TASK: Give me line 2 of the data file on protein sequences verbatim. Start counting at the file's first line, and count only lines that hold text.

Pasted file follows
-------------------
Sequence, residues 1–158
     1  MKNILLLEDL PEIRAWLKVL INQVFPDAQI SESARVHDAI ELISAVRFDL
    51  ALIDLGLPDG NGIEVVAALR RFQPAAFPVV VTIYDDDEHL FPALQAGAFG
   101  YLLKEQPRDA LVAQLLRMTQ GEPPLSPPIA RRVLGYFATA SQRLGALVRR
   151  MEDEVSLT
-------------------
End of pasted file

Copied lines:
     1  MKNILLLEDL PEIRAWLKVL INQVFPDAQI SESARVHDAI ELISAVRFDL